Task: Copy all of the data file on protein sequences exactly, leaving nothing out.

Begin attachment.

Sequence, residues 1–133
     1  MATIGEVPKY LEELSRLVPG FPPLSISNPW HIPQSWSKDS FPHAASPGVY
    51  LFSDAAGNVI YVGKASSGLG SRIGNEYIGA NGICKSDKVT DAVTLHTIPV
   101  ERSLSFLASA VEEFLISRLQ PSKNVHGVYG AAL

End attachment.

Sequence, residues 1–133
     1  MATIGEVPKY LEELSRLVPG FPPLSISNPW HIPQSWSKDS FPHAASPGVY
    51  LFSDAAGNVI YVGKASSGLG SRIGNEYIGA NGICKSDKVT DAVTLHTIPV
   101  ERSLSFLASA VEEFLISRLQ PSKNVHGVYG AAL